In a world where we eat garbage and stress out, our digestive tracts need extra nurturing in order to survive. Mucilage is just the ticket. By mucilage, I mean that clear, thick, sticky, gooey stuff. If you've ever put flax seeds in water... that's the stuff. Just like a foot massage and a cup of camomile tea at the end of a hard day, mucilage allows the lining of your gut to relax for a moment and heal. One blogger likened it to an internal band-aid, that actually adheres to your mucous membranes and prevents nerve irritation. For this reason, frequent doses over a period of a few days are required to provide adequate rest for the tissue.
Physically, mucilage is made of long chain molecules that entrap water in a matrix. Mucilage is made by many plants to store water or trap insects. Humans have used mucilage for its demulcent (soothing) properties, but also for things like glue. Some examples of mucilagionous foods and herbs are; natto (fermented Japanese soybeans), chia, flax, okra, lotus root, agar agar, psyllium, fenugreek seed, aloe vera, and tapioca.
The two main mucilaginous herbs discussed hereafter are marshmallow root and slippery elm bark. These two herbs have a long and important history in many different cultures. They are used in any situation of internal irritated tissue, which is ever more common in our modern world. They can be taken in many ways, but the gruel detailed below I have found to be the most efficient at delivering medicine and nutrients.
Typically, the gruel is made with
powdered slippery elm inner bark, which has similar medicinal properties. Due to over-harvesting, slippery elm has become somewhat threatened, so I use marshmallow root instead. As an added bonus, marshmallow root has a special affinity to the kidneys and urinary system.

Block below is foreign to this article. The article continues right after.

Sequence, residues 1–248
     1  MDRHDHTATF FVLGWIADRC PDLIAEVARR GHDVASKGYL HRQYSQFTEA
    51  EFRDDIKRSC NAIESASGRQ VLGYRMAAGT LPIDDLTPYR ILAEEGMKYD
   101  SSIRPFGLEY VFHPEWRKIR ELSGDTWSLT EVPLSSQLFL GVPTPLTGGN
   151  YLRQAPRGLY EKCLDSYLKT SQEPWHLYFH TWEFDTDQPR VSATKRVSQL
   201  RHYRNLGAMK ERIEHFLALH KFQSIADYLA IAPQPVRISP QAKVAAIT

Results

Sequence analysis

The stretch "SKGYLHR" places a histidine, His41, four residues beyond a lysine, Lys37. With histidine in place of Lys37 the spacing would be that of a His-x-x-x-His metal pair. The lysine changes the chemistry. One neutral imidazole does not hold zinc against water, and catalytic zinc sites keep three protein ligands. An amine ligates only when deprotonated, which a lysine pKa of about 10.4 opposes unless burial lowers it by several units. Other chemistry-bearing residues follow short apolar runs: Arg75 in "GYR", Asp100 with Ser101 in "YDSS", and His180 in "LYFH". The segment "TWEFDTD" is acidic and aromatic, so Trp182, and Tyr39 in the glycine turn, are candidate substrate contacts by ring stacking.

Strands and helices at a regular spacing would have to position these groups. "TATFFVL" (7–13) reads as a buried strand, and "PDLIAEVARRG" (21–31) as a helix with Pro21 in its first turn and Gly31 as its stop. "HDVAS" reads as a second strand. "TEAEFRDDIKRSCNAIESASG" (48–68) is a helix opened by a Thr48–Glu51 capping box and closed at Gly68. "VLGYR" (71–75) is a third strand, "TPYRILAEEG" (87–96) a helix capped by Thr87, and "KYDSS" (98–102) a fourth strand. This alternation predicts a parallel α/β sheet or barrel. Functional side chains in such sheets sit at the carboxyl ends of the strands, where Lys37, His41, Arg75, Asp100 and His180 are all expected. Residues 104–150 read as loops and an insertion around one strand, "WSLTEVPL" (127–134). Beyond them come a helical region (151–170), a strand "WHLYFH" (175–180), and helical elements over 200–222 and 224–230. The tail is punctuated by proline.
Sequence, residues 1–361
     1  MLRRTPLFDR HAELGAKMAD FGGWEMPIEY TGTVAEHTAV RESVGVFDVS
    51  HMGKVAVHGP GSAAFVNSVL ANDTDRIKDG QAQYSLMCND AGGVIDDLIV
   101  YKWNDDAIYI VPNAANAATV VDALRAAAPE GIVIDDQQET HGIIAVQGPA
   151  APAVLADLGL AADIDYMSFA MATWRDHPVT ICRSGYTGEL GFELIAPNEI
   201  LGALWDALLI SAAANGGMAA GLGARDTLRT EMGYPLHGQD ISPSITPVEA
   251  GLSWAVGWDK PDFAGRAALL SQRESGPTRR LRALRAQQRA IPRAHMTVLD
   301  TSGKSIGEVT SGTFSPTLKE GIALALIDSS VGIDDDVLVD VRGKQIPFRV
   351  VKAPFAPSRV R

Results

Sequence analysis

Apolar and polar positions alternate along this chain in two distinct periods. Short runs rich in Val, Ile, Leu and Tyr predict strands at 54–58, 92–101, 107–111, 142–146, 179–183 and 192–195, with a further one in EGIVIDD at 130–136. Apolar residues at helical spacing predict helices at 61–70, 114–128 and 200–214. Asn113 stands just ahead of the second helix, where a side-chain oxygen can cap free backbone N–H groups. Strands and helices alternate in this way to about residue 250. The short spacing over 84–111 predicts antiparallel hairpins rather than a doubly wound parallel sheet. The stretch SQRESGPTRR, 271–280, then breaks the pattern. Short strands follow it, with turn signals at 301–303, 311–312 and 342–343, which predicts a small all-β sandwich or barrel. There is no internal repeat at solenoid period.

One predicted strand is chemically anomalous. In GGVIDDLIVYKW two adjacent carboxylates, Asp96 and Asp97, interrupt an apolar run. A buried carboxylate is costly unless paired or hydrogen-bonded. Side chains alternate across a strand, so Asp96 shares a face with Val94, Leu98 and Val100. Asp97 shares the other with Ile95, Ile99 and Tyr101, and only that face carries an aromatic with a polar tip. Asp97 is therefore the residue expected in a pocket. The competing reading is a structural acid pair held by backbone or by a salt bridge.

Marshmallow root gruel has three main functions: soothing an inflamed
digestive tract (ulcers, IBS, leaky gut), soothing dry coughs, and
soothing the kidneys and urinary tract. It has also historically
been used as a food for convalescents and a first food for babies.
Spiced Marshmallow Root Gruel
1-2 servings, 10 minutes
2 heaping tbsp marshmallow root powder (or slippery elm powder if you prefer)
1/8 tsp cinnamon powder
1/8 tsp ginger powder
1/8 tsp cardamom powder
pinch of nutmeg powder
pinch of clove powder
1.5 cups water
1/2 cup nut milk (coconut, almond, hazelnut)
1 tsbp raw honey
1. Combine the powders together and pout into a small, dry saucepan.
2. In order to avoid chunks of powder in the final product, pour a small amount of water in first and stir. Add more water to make a fine paste, crushing any chunks that remain. Once it is smooth, add more water and stir. Finally, add all the water and milk.
3. Turn on the heat to medium. Stirring, slowly bring it to a boil. Once it starts to bubble, simmer it for 2-3 minutes while stirring. Add the honey and stir in.
4. Pour it into a mug and wait to cool before drinking. Drink this in the morning or evening.
In acute cases (dry cough or digestive weakness), drink 2-3 cups of this every day for 3-4 days. It may be the most effective to take in 1/4 cup doses every hour. If you are using it as a preventative tonic, you may drink a a cup every day for a week.
There are many variations you could try on this recipe. Instead of water
and milk, try pear or apple juice. You can even add apple sauce, or add marshmallow powser to oat or rice porridge. You could also use licorice root powder in your gruel for its added GI healing powers.